Open Access Original Research Article

Mining the Cocoa Farm in Osino Community, Ghana

Isaac Kwabena Bamfo Ntiamoah

Asian Research Journal of Arts & Social Sciences, Page 1-10
DOI: 10.9734/arjass/2019/v9i230118

This paper throws its weight to other writings on mining and livelihood. It assessed illegal small scale mining activities and how it affect cocoa farmers’ livelihood with specific reference to a community in Ghana. A qualitative approach was adopted. The research design was a case study and largely descriptive. Primary data was culled from 35 respondents including affected cocoa farmers, miners and some key stakeholders. It was supported with reports, books and online publications. A purposive sampling technique was used to identify respondents and focus group discussions were held. Key informant interviews and observations were also used for data collection. Afterwards, a content analysis was done on the text and image data generated. Results were presented and discussed under appropriate themes. Results from the findings showed that cocoa farming was the main source of income for people in the community but unfortunately their farms were destroyed and this had had a ripple effect on their livelihood. Again, farmlands were not seized for illegal mining activities; rather it was bought and paid for under compelling circumstances. It was concluded that, both commodities contribute to the nation’s development; hence one should not be substituted for the other, rather, small scale mining should be done in a legal and properly planned manner so not to affect cocoa farmers’ livelihood negatively.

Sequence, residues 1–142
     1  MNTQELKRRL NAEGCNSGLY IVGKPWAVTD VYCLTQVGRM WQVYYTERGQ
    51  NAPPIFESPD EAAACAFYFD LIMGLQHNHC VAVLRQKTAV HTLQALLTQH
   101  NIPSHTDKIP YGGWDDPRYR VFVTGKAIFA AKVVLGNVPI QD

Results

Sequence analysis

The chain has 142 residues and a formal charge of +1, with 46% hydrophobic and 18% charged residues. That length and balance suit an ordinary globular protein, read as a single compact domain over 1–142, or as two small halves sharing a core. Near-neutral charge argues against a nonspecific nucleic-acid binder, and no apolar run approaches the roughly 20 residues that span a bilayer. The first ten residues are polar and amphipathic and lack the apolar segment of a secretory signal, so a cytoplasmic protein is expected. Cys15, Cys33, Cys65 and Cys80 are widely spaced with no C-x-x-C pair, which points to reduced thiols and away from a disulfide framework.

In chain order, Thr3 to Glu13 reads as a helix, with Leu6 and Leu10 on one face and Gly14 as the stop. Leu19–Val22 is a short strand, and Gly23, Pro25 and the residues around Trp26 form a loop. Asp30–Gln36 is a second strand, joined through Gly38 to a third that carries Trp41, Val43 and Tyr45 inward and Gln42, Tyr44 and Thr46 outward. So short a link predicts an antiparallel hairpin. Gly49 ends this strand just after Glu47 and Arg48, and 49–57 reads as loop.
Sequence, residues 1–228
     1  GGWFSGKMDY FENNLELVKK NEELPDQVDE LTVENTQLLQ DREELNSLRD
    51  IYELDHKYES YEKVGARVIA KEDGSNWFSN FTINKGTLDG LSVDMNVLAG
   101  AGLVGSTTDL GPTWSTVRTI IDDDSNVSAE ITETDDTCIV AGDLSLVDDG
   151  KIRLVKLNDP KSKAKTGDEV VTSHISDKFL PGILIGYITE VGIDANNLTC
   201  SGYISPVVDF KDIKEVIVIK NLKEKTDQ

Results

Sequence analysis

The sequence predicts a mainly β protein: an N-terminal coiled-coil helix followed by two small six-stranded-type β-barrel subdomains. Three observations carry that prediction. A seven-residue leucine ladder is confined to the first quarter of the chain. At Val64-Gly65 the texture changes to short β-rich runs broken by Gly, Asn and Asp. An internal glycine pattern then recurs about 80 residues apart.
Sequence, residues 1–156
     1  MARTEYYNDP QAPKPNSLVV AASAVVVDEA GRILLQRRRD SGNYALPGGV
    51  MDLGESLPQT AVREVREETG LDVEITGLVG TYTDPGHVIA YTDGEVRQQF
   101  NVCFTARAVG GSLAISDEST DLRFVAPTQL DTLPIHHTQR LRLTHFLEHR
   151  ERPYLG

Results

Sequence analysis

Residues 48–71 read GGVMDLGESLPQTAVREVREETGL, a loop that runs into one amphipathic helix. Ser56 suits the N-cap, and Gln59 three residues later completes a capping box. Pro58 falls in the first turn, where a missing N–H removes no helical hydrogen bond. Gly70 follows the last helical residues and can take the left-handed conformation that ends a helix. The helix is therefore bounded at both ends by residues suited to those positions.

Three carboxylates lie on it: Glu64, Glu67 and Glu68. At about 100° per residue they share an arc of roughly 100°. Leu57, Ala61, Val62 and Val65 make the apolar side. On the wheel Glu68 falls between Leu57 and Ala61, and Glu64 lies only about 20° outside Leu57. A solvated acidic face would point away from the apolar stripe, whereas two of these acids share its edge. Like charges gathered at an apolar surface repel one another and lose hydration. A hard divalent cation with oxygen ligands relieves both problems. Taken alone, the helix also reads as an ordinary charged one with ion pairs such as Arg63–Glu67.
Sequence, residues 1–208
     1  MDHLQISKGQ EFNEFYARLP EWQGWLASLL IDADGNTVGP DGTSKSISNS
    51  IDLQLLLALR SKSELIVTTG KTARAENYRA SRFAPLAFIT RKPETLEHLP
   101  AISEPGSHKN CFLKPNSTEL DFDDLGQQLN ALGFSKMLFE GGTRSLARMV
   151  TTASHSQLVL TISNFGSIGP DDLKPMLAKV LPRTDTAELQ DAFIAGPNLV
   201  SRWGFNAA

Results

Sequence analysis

Open Access Original Research Article

Polygamy in Dramatic Texts: A Discussion around Postmodernism

Rantimi Jays Julius-Adeoye, Rotimi Omosulu, Elizabeth Amarukhor Omoruyi, Idowu Oladimeji

Asian Research Journal of Arts & Social Sciences, Page 1-10
DOI: 10.9734/arjass/2019/v9i230119